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Atherton Raspberry - Growing Atherton Raspberry


Image from Melbourne Bushfood


    Atherton Raspberry! This tropical is native to Australia and Papua Guinea. Unlike the exotic raspberry, this one thrives even in warmer climates. You'll find it growing in tropical, subtropical and warm temperate Queensland. It's bright red berries are not only larger, but also milder in taste than the exotic species.
    You can enjoy the raw berries, or use them in cakes, jams, jellies, syrups, sauces or get creative with it.
    You can expect this spectacular native to fruit in Summer and Winter. 
    Although the tantalizing berries will practically invite you for a treat when they turn bright red, it's best to wait until the berries easily fall off once disturbed. This way, you can be sure to get the best taste! It's only a few weeks, but trust me, it's worth it.

    Image from Melbourne Bushfood

    Good for:

    - Beginners

    - Frost 

    - Drought


    Water

    Moderate

    Sunlight

    Full sun/Part Shade

    Size

    Up to 2m high

    Planting

    Planting


    For best results, plant in a loamy, well-drained soil, and place your plant in full sun. You can also grow in part shade for reasonable results. This dense, prickly bush typically grows up to 2m tall and 2m wide, and may be trellis-trained. It's the perfect little fruiter for a patio or balcony garden.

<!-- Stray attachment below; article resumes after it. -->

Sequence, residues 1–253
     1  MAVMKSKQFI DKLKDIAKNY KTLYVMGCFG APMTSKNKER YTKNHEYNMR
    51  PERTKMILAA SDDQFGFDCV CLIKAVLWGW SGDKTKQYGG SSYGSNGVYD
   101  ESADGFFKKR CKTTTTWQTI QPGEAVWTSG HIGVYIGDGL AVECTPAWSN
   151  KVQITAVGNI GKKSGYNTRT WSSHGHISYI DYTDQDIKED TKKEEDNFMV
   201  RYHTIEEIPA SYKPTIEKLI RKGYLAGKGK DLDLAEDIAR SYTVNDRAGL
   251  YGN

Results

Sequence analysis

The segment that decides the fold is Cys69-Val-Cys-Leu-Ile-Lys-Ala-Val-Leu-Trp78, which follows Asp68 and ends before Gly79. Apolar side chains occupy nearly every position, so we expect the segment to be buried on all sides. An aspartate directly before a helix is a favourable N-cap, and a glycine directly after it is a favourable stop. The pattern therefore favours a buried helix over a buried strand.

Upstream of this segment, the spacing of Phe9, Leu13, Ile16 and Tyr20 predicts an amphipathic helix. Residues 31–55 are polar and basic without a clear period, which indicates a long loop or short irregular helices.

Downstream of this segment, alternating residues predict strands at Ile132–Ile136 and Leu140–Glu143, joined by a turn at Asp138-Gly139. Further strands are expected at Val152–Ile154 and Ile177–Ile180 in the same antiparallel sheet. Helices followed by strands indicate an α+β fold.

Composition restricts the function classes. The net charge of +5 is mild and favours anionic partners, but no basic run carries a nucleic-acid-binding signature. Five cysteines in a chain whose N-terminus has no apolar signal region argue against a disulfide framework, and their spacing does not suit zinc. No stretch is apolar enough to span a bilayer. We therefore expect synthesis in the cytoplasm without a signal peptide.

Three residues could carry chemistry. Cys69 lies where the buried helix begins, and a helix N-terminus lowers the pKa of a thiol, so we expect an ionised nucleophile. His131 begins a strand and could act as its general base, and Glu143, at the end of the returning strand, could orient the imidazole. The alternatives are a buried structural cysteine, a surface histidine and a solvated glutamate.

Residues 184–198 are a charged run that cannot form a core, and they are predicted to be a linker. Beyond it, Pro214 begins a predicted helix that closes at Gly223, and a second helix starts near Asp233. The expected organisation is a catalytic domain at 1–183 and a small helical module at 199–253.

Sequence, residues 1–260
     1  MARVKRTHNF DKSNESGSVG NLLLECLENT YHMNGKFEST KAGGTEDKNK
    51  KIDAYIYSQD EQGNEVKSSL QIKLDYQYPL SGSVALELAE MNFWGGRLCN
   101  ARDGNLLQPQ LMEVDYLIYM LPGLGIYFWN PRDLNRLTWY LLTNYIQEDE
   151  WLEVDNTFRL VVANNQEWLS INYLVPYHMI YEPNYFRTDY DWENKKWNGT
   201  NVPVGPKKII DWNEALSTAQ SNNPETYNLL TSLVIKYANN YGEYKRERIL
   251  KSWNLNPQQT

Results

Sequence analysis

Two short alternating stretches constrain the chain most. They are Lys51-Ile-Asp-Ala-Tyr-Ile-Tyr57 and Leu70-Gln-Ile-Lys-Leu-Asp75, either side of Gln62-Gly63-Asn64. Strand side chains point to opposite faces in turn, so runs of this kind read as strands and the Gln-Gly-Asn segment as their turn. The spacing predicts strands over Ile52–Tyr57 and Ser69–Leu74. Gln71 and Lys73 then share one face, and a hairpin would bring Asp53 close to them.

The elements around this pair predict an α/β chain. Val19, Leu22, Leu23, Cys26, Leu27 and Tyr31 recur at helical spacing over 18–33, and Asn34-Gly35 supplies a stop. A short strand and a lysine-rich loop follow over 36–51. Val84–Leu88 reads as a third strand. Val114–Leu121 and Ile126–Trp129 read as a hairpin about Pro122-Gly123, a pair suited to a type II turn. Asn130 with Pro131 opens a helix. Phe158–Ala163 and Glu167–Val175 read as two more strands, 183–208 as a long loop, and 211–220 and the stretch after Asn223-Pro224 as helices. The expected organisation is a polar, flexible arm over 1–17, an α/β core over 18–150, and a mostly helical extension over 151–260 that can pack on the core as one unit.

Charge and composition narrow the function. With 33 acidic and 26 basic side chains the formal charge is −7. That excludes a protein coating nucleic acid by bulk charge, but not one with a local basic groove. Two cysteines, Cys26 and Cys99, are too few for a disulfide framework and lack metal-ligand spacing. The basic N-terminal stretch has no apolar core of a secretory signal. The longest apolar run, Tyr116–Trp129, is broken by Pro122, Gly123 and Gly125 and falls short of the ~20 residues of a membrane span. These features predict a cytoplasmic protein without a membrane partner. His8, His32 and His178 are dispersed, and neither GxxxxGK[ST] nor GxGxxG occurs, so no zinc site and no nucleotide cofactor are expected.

Frost tolerance


    Atherton Raspberry is supposed to be a frost tolerant plant and can survive frost of up to -5 degrees, but if you live a cold climate we recommend to protect it during Winter and don’t over water it.


    Sunlight

    This lovely species does exemplary well in full sun and fairly well in part shade.





    Maintenance

    Watering & Drought Tolerance


    Water moderately at tender age. Atherton Raspberry is drought tolerant at maturity age.


    Fertilizing


    Fertilizing should be done before blooming season. If you grow in pots, use Osmocote premium potting mix and low Phosphorus Native Fertiliser. 

    Harvesting


    Harvesting should be done when the fruit is almost ripe to avoid damaging the fruit when fully ripe. Allow the fruit to fully ripen at home.

    Other guides: